The perennial fascination with the figure of Alexander the Great is reflected in the phenomenal spread of the Alexander romance of Pseudo-Callisthenes, 1 a work in itself surely not distinguished either by historical accuracy or (at least for our modern taste) any particular literary merit. There are versions of the Alexander romance to be found among peoples whom neither the Alexander of history nor the Alexander of legend ever visited; the gamut ranges from a Swedish version in the far north 2 through a (fragmentary) Mongolian version in central Asia,3 all the way to elaborations in Malay4 and other southeast Asian languages. Only the great wall of China seems to have checked, so to speak, the triumphant literary progress of this literary product of third-century Alexandrian Hellenism. This is not the place to discuss in detail the complicated questions either of the identifiable sources or of the several recensions of the Greek Alexander romance. 5 The text remained alive, so to speak, through the centuries and, never protected by the hedge of canonization, was considerably modified in the course of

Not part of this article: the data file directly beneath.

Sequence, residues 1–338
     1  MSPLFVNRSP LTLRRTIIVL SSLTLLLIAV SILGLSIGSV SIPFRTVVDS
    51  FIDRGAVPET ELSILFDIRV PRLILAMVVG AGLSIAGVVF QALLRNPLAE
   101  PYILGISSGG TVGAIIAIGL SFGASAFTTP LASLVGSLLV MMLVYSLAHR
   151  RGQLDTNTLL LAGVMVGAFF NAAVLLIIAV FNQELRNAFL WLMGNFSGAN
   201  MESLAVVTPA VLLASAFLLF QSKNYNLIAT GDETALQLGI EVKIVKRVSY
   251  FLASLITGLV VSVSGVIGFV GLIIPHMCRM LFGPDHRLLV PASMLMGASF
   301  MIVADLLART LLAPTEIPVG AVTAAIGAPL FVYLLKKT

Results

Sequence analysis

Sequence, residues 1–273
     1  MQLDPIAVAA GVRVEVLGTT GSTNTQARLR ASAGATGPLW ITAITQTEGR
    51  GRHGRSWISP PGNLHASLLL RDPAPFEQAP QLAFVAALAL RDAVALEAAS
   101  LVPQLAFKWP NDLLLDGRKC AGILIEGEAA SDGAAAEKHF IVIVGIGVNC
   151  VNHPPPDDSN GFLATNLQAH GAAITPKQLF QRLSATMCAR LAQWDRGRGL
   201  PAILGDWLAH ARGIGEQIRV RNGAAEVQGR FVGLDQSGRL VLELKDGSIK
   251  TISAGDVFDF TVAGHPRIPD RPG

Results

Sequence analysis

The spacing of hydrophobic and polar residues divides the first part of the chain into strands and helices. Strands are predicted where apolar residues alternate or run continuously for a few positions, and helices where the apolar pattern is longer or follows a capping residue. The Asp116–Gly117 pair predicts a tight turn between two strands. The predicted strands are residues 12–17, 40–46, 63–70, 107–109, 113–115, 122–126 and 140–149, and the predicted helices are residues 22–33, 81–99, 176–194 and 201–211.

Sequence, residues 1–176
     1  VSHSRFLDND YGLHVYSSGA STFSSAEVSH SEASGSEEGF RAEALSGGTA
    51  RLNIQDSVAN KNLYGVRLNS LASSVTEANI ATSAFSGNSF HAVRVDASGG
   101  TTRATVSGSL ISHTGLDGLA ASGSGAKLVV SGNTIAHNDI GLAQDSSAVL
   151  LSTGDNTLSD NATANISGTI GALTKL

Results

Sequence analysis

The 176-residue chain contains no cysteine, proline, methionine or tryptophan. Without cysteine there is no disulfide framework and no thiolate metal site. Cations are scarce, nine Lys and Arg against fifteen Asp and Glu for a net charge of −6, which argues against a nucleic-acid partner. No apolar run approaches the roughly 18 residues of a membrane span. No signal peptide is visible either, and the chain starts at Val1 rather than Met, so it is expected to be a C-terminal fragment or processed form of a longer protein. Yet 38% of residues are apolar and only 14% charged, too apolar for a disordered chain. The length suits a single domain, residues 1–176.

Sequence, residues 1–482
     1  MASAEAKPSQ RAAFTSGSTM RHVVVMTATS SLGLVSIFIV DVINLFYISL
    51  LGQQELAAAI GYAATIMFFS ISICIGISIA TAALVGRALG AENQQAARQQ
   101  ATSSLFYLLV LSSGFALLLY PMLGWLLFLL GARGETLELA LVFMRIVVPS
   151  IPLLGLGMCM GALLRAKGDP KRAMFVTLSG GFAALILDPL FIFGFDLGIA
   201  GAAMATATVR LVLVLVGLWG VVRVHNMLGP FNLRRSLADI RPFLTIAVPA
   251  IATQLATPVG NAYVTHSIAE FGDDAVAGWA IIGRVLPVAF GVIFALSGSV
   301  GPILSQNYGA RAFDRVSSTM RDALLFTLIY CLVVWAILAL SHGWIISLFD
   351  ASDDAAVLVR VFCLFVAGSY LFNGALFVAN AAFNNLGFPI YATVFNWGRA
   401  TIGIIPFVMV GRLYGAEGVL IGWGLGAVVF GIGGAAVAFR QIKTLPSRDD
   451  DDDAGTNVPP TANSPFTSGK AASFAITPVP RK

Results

* A revised and expanded version of a public lecture delivered at Harvard University and at the Catholic University of America in April 1990. 1 Edition of the oldest version, on the basis of 1711 (saec. xi), by W. Kroll, Historia Alexandri Magni /PscnJo-Callisthenes), vol. I (Berlin, 1926); for a complete English translation of this version see E.H. Haight, The life of Alexander of Macedon (New York, 1955); see now also R. Stoneman, The Greek Alexander romance (London, 1991). For useful surveys of the later material see A. Abel, Lc roman d'Alexandre: legendaire medieval (Bruxelles, 1955); G. Gary, The medieval Alexander (Cambridge, 1956); J.A. Boyle, 'The Alexander romance in the East and West', Bulletin of the John Rylands Library, 60 (197"), 13 ff. F. Pfister provides the impressive statistic of about 200 different extant prose or verse versions (Kleine Schriften zum Alt'\ancrniinan (Aieisenheim, 1976), 19). 2 See Clary, Alexander, 50. 3 N. Poppe, 'Eine mongolische Fassung der Alexandersage', Zeitschrift der Deutschen Morgenldndischen Ccscllsc/iaft, 107 (1957), 105-2". On the appearance of certain episodes of the Syriac Alexander legends in Turkish and Mongol historical lore see J.A. Boyle, 'The Alexander legend in Central Asia', Folklore, 85 (1974), 21" ff. 4 P.J. van Lccuwcn, De maleische . \lcxanderroman (Meppel, 193"). 5 See H. Merkelbach-J. Trumpf, Die Quellen Jcs griec/risciicn Alexanderrpinan* (Munich, 197"), 92 ff, 201 ff.